Bill loved life, and machines
Bill Troughton loved nothing more than cruising country lanes at a snail’s pace.
The Matamata man was well known for his vast collection of vintage cars, motorbikes, tractors and everything in between.
He died suddenly, but peacefully, on December 2, aged 82 and as per his wishes his estate - including the massive collection - will be auctioned off at the end of April.
The Field Marshall requires some especially oldschool starting tools - a 12 gauge shotgun cartridge and a burning wick.
The blast from the cartridge pushes the piston into life while the heat from the burning wick warms the fuel in the injector until it’s hot enough to run on its own.
It’s this sort of mechanical novelty that has seen many items in the auction valued at upwards of $50,000.
Troughton’s love for vintage vehicles started about 40 years ago.
He joined the Vintage Tractor and Machinery Club and Vintage Car Club, and visited swap meets around the North Island, finding precious collectables as he went.
He loved to share his collection. Often schools and other clubs would visit the farm to see the vintage vehicles.
Bill’s eldest son David said his dad never wanted the collection to be used as a museum and it would have made him happy to know it would be auctioned off to people who shared a similar passion.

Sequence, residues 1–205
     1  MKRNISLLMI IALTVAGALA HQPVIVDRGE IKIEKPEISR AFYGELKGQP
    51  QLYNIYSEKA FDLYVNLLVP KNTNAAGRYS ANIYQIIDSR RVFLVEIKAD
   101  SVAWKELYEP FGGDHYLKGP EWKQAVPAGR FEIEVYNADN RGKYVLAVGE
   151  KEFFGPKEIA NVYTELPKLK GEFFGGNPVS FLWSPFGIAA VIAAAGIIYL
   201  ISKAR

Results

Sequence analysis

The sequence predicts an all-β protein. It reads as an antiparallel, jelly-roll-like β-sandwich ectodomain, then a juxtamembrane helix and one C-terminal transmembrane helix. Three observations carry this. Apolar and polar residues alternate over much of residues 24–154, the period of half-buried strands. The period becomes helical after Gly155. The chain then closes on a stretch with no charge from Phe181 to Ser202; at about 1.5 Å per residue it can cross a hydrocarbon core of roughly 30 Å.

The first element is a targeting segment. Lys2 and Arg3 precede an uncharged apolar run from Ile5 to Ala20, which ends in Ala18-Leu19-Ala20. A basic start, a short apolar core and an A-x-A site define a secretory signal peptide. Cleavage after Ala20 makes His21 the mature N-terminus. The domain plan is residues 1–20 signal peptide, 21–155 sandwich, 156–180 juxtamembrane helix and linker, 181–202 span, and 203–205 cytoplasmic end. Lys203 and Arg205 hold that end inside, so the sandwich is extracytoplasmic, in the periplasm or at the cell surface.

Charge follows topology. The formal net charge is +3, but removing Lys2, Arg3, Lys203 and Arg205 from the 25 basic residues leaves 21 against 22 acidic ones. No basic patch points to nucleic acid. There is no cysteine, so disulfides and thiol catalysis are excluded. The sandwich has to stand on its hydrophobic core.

‘‘Not one of us, individually or collectively can take this on.
‘‘He wanted everything to be used, not just sitting here. Everything here has a value, if it’s not monetary value, it’s sentimental,’’ he said.
Youngest son George said his dad was passionate about life, right up until the day before he died.
‘‘It would be 5pm and time for a beer,’’ said George.
‘‘He would walk around a shed, and work on a motor and he was like a little kid, his eyes would just light up.
‘‘He was right in his element and loving it.’’
His dad continued to work the farm he loved, despite having two artificial knees and he celebrated his 80th birthday with a tandem skydive.
‘‘I think he appreciated life. He died with his boots on, he loved the farm, the tractors and the ground work. He was never sitting still.
‘‘Two things I can take from him was his sense of humour and outlook on life.’’
Bill’s estate will be available to view on Friday, April 21, with the auction on Saturday, April 22 and 23. People can view the estate at abauctions.co.nz. He is survived by first wife Faye, as well as five children David, Sam, Kylie, Jack and George, and five grandchildren.